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The lounge Relax, take a break from photo and camera talk - have a chat about something else for a change. Just keep it clean and polite!

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  #16  
Old 2nd July 2015
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Re: The Old Boiler Needs Replacing

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I can also quote another apocryphal story, from many years after. I was told, among the many tales about Colin Chapman, that he often asked his senior execs "Why are we always looking for new customers?" No-one, it was said, dared tell him.
So true. Yet it is far better and cheaper to look after existing customers than to find new ones.

Better still, if you look after your customers they will tell their friends and collages, who will come to you on a plate.

But accountants just don't get that logic.
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  #17  
Old 2nd July 2015
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Re: The Old Boiler Needs Replacing

Yes, couldn't agree more.

We went on a Baltic cruise. The line concerned seemed to me to be concerned about one thing: how to extract the last dollar and cent from their customers. They charged $7.08 for a 1 litre bottle of water (and they of course "didn't recommend" drinking the water out of the tap); passengers were going and filling bottles from the cold water dispensers (probably filled from the tap...). A large notice appeared on each dispenser, saying, "due to public health concerns, refilling of bottles is NOT PERMITTED." (Many ignored that!) Bottle of cheap table wine? $41.50. Want a decent cup of coffee? Got to pay extra for it.

They didn't cater for diabetics; I had serious blood sugar swings. I complained. Make any difference? Is the Pope a Buddhist?

The food was very salty. Why? Need I tell you?

Would we go with them again? Like Hell we would!
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Old 2nd July 2015
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Re: The Old Boiler Needs Replacing

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They charged $7.08 for a 1 litre bottle of water (and they of course "didn't recommend" drinking the water out of the tap); passengers were going and filling bottles from the cold water dispensers (probably filled from the tap...). A large notice appeared on each dispenser, saying, "due to public health concerns, refilling of bottles is NOT PERMITTED." (Many ignored that!)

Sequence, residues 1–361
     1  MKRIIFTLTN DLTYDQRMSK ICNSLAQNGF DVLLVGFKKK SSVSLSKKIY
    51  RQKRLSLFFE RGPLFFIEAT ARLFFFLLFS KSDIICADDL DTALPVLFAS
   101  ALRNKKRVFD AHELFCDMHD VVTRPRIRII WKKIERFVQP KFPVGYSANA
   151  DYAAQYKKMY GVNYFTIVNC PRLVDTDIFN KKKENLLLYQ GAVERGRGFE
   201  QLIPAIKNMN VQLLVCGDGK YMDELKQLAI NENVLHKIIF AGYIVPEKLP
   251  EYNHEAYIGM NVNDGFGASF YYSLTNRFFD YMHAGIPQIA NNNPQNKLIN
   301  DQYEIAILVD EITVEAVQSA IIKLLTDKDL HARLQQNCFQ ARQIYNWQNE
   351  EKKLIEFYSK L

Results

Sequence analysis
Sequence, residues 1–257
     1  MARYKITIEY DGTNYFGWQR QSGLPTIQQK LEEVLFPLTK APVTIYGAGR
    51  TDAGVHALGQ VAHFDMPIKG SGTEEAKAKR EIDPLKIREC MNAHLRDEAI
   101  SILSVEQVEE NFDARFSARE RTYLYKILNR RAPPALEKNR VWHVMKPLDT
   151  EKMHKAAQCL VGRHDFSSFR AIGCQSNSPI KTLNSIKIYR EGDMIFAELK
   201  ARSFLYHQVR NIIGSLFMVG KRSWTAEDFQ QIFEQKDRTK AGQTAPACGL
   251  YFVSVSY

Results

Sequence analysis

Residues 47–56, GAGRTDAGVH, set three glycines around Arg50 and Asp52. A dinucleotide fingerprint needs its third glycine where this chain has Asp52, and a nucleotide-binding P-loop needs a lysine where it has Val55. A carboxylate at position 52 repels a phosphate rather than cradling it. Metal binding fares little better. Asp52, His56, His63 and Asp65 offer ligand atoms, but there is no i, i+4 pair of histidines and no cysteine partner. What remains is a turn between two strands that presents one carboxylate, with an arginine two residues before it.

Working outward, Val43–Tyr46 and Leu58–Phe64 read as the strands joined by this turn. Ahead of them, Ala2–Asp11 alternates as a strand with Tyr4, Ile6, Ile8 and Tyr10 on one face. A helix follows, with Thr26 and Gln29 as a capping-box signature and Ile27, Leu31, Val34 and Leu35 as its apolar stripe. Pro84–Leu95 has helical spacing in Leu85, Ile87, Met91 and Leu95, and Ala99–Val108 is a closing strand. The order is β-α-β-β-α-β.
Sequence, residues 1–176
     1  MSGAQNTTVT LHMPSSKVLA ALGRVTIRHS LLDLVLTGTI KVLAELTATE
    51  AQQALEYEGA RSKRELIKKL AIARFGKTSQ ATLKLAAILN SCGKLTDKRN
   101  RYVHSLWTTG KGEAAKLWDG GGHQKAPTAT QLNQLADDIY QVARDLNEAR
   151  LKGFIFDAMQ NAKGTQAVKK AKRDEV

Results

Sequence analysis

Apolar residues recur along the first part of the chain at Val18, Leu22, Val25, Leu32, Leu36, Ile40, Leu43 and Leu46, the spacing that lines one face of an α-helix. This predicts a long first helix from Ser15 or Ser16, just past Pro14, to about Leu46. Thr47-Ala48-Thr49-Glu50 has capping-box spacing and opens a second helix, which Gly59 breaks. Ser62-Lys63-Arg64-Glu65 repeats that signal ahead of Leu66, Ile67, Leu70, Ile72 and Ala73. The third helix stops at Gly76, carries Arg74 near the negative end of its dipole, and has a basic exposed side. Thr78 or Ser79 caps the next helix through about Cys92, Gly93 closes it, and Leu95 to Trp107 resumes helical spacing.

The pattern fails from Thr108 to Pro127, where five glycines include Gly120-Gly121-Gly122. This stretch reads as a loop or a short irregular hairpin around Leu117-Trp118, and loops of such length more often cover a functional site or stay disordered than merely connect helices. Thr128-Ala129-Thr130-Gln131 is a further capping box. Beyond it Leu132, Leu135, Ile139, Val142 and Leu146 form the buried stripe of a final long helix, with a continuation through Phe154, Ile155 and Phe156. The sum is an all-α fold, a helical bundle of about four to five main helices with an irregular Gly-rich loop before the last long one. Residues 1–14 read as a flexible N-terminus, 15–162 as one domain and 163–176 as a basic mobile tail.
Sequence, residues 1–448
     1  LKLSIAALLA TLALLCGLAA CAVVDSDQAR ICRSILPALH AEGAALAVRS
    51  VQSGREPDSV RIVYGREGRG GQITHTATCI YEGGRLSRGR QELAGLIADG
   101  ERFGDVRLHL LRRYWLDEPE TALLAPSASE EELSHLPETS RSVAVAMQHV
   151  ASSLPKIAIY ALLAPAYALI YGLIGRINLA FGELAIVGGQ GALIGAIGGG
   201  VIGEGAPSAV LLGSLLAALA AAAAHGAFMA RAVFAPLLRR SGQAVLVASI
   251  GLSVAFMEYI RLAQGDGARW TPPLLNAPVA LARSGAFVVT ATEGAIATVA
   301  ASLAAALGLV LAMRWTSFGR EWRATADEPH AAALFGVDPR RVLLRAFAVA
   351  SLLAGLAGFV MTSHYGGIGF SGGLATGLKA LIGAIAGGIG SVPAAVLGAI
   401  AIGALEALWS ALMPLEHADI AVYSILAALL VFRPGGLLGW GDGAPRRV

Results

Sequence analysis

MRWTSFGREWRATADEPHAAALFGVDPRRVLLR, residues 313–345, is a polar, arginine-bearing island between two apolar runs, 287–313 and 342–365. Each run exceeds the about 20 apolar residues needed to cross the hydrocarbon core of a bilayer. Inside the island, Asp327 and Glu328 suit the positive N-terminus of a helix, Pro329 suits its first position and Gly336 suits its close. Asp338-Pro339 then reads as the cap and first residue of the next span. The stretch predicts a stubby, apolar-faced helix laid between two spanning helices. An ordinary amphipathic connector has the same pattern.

Hmmmm. There are very specific rules about potable water on vessels carrying more than twelve passengers.

Potable water on passenger vessels is usually very much better than that in hotel rooms on shore.
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Old 2nd July 2015
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Re: The Old Boiler Needs Replacing

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Hmmmm. There are very specific rules about potable water on vessels carrying more than twelve passengers.

Potable water on passenger vessels is usually very much better than that in hotel rooms on shore.
Well, I'm sure you'll draw whatever conclusion you wish from that. The tap water didn't taste very nice, but then neither did the iced water in the dispenser, once it had warmed up. If the tap water was not for drinking, one would expect there to be a notice on it saying so....wouldn't one?
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Re: The Old Boiler Needs Replacing

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Well, I'm sure you'll draw whatever conclusion you wish from that. The tap water didn't taste very nice, but then neither did the iced water in the dispenser, once it had warmed up. If the tap water was not for drinking, one would expect there to be a notice on it saying so....wouldn't one?
Potable water systems are regularly cleaned with sodium hypochlorite. Potable water tanks are either stainless steel on small vessels, or painted steel on larger vessels. The paint used must hold a certificate for Potable Water; which means that it cannot contain phenol and certain other raw materials that could taint or pollute the water.

Depending on the size of vessel and length of voyage the tanks will either be filled with water from on shore, or more likely from on-board desalination plants which work by reverse osmosis. Chlorine will be added to the water as a matter of course to kill any bugs.

Desalinated water always tastes horrible, (or rather tastes of nothing), so that could be why the tap water was unpalatable.

Remember, shower water can transmit infection, so the piped water must be reasonably clean in any case.
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  #21  
Old 4th July 2015
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Re: The Old Boiler Needs Replacing

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Potable water systems are regularly cleaned with sodium hypochlorite. Potable water tanks are either stainless steel on small vessels, or painted steel on larger vessels. The paint used must hold a certificate for Potable Water; which means that it cannot contain phenol and certain other raw materials that could taint or pollute the water.

Depending on the size of vessel and length of voyage the tanks will either be filled with water from on shore, or more likely from on-board desalination plants which work by reverse osmosis. Chlorine will be added to the water as a matter of course to kill any bugs.

Desalinated water always tastes horrible, (or rather tastes of nothing), so that could be why the tap water was unpalatable.

Remember, shower water can transmit infection, so the piped water must be reasonably clean in any case.
Hence my cynicism.....
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